Do You Use Project Bonds?

As an integrator, project bonding was common.

For background, there were two major types of bonds required by the projects we bid:

1) Bid Bond: This is 'quote insurance' so if you win low bid but then decide you don't want the job, the customer (bid solicitor) files a claim against your bond and then picks the next lowest bidder. This Bond guarantees they still get pay the 'low number' no matter who actually does the job, because the bond pays the difference.

2) Performance Bond: An even stronger type, this essentially is insurance that the bidder will successfully finish their work. If they start on a $5M job, but only completes $2M of it (ie: abandon the project, go out of business, welch on a deal, etc), this Bond pays the difference to the customer so they can finish the job or correct bad work.

If you handle bid responses, can you give feedback on how they typically are used?

Which bond type do you deal with, and how much money are they typically written for? Have you ever seen a bond used?

I have included requirements for both types of bonds in my RFPs and specifications over the years, mostly for government jobs, but also occasionally for some larger private jobs.

Collusion amongst contractors has historically been a problem in certain construction trades, with bids being manipulated so that certain contractors win certain jobs at a desired price point. Various contractors submit bids, and after bid opening, bids are withdrawn until the "appointed" contractor is the low bidder and wins the job. Bid bonds are one tool used to discourage this type of activity. These bonds also tend to prevent contractors from submitting frivolous bids just to "test the waters" without being seriously interested in winning the project.

Performance bonds, as you indicate, are designed to assure that a project gets completed as agreed upon. They typically cost between 1% and 3% of the total contract price. The companies who issue performance bonds are usually quite strict about who they issue bonds to, requiring the contractor to be financially stable as well as to have previous experience with jobs of a similar type and size. Because of this, requiring a performance bond tends to prequalify bidders, increasing the chances that only qualified companies will submit bids.

A joke in the industry states that if a contractor can obtain a bond, you probably won't need one, and if he can't, you probably will. In my experience, this is not too far from the truth.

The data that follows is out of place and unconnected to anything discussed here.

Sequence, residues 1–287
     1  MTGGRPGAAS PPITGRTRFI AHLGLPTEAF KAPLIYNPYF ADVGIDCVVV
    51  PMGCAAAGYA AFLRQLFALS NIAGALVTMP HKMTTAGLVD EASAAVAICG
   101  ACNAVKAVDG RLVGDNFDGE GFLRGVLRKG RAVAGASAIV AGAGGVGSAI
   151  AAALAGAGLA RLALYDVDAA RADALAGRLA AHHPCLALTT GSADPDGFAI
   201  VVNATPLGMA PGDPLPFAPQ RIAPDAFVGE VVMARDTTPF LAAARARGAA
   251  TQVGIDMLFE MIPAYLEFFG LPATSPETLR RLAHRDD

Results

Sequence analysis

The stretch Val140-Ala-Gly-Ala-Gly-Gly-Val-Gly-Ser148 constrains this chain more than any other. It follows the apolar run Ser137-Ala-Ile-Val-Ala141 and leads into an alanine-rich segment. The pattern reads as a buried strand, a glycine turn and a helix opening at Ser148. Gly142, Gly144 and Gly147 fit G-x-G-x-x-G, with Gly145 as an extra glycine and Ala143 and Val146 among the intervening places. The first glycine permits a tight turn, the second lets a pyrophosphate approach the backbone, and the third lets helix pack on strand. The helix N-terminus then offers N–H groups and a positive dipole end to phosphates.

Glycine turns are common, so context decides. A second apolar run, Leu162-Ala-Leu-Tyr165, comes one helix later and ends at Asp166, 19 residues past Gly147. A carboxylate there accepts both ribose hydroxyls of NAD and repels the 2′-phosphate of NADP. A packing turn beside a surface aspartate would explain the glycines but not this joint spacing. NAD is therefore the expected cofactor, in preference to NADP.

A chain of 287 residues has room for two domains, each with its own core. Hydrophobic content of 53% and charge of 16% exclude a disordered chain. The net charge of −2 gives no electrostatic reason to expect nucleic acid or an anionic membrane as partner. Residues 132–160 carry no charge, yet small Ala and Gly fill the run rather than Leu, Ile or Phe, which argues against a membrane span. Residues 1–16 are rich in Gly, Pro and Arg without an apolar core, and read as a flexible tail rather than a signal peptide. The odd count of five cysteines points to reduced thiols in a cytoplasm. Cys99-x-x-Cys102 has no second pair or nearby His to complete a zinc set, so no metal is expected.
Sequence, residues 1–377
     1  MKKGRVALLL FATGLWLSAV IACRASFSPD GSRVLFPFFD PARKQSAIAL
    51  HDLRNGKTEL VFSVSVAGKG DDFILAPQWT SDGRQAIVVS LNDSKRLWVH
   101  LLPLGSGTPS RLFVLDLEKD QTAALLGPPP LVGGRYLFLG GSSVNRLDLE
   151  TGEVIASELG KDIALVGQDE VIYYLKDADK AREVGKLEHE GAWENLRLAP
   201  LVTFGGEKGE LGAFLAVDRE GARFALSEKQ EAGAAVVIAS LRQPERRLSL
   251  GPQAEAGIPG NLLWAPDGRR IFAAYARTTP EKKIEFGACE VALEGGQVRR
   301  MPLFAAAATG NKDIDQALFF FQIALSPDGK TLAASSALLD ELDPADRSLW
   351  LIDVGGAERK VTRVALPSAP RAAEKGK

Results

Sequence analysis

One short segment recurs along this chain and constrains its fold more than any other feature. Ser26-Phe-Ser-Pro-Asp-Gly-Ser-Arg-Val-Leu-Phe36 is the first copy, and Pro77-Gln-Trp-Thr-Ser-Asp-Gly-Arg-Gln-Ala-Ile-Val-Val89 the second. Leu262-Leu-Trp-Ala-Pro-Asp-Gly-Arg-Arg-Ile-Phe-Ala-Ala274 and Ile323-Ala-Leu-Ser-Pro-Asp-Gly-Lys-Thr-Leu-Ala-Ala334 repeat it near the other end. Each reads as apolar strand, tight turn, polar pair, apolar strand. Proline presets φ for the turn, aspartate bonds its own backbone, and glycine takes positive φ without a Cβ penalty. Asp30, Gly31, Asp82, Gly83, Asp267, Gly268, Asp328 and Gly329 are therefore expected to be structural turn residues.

Many smaller contractors and those just starting out have trouble qualifying for performance bonds, requiring that they partner with larger companies in order to bid on jobs. Some very large jobs (airports, seaports, etc.) have such rigorous bonding requirements that they are off-limits to all but the very largest of contractors. This is the how some of the big national and multinational security integrators seem to survive, despite their track record of mediocre performance.

Having a performance bond can be a hassle for the consultant/architect/engineer because the bonding company requires monthly written updates on how the job is progressing and on how payments are being made relative to the progress of the job. If a job is going poorly, the bonding company wants to know about it as early as possible.

A joke in the industry states that if a contractor can obtain a bond, you probably won't need one, and if he can't, you probably will. In my experience, this is not too far from the truth.

That's actually fairly profound.

Why don't more customers require project bonding for smaller jobs? I understand that there is an overhead cost and you limit your potential pool of responders, but heck - those might be the ones you want to weed out anyway!

I understand the cost of bonding mainly from the integrator side, and it can tie up quite a bit of free cash for collateralized bonds.

This is the how some of the big national and multinational security integrators seem to survive, despite their track record of mediocre performance.